The “Brave New World” of the 21st Century requires a “Brave New Discipleship” strategy.

How Christians Can Escape the Rip-Tide of Modern Culture – Part III of III

Posted on: March 28, 2017


In Part I of this series, I made the point that the first step in escaping the riptide of modern culture is simply realizing that modern culture has a powerful negative influence on an authentic Christian experience.

In Part II, last week, we saw that Scripture reveals the key to escaping the cultural riptide: transforming our lives by renewing our minds (Romans 12:2)

This week, we look at what modern neuroscience reveals about: 

How we can accelerate the process of renewing our minds.        

  1. The Power of Repetition

First, modern neuroscience reveals the power of repetition.

A National Geographic article, “The New Science in the Brain,” reveals that the electrical activity in the brain includes 100,000 miles of nerve fibers that connects the various components of the mind, giving rise to everything we think, feel, and perceive.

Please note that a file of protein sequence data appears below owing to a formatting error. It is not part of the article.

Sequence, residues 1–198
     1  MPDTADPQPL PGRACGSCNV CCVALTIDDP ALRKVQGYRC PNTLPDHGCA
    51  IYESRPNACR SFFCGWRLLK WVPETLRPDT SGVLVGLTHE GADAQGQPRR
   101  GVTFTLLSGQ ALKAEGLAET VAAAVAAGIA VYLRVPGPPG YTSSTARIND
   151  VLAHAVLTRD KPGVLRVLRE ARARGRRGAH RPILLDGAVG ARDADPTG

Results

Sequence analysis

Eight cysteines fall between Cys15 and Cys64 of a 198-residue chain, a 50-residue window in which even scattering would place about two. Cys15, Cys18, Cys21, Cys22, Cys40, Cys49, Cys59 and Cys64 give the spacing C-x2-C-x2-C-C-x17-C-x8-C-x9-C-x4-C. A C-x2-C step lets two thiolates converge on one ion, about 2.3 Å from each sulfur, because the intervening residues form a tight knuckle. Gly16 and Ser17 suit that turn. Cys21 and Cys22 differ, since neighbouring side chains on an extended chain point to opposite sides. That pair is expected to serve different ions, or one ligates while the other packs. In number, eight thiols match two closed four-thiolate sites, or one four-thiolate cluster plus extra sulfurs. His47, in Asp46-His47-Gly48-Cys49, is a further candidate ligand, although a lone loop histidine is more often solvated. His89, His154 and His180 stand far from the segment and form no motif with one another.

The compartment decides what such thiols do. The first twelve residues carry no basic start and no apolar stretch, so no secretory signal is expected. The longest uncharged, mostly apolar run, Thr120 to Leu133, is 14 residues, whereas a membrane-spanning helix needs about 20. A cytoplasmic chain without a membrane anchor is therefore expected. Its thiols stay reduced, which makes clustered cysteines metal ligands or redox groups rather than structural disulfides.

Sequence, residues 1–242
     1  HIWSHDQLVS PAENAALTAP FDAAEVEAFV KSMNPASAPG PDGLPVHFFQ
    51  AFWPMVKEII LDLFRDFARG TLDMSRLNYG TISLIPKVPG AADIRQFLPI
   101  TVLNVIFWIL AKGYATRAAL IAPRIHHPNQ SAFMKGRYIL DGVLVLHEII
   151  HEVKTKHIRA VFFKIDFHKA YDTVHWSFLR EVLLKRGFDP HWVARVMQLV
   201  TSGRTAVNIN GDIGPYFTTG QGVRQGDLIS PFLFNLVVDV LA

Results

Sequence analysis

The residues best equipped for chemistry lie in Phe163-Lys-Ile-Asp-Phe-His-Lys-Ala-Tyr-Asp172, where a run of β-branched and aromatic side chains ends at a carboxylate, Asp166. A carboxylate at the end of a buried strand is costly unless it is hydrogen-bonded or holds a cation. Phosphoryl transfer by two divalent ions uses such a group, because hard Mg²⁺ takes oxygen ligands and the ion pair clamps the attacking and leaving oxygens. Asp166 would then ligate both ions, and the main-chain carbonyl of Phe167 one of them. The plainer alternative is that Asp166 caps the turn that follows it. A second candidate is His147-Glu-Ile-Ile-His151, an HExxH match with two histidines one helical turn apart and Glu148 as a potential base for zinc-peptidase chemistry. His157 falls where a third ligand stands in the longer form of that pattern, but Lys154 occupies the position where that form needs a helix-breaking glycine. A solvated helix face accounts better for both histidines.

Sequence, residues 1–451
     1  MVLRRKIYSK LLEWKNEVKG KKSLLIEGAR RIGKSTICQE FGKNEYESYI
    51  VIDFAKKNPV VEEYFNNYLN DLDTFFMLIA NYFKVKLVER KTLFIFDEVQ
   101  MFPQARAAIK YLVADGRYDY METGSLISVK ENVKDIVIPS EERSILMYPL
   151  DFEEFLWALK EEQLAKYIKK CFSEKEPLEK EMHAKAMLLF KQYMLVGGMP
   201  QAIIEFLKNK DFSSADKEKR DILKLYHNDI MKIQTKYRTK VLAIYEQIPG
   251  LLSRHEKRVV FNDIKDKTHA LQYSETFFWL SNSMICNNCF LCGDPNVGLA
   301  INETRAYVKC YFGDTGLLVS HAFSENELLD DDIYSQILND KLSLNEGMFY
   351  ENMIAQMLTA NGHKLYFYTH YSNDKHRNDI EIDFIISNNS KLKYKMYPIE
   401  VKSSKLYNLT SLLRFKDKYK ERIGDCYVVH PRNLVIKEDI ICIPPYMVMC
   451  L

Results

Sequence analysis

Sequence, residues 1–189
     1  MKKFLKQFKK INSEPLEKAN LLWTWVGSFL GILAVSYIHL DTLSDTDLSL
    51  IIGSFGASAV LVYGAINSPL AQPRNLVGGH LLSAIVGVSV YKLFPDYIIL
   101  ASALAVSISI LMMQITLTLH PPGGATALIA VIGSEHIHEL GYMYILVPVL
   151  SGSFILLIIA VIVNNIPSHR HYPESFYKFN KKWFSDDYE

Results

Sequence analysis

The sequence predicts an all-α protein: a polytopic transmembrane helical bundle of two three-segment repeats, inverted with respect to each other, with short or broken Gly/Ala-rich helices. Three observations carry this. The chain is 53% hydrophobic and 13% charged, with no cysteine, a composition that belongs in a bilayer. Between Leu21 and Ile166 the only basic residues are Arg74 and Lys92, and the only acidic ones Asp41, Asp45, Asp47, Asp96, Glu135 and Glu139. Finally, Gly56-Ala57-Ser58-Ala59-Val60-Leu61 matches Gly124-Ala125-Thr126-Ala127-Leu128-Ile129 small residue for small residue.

Every time we think a thought, it takes the same route along those hundred thousand miles of nerve fibers. So when we think a thought over and over again, and it takes the same route, it becomes easier and easier for that thought to go through the brain, like cutting a path through the jungle.

If we decide that we don’t like an old thought pattern and we want to counter it with a new thought pattern, we have to consciously force new thoughts down a new pathway. Whenever a circumstance comes up that might typically spark a thought to go down the old pathway, we must catch that thought, kick it out, and force a new thought down a new pathway.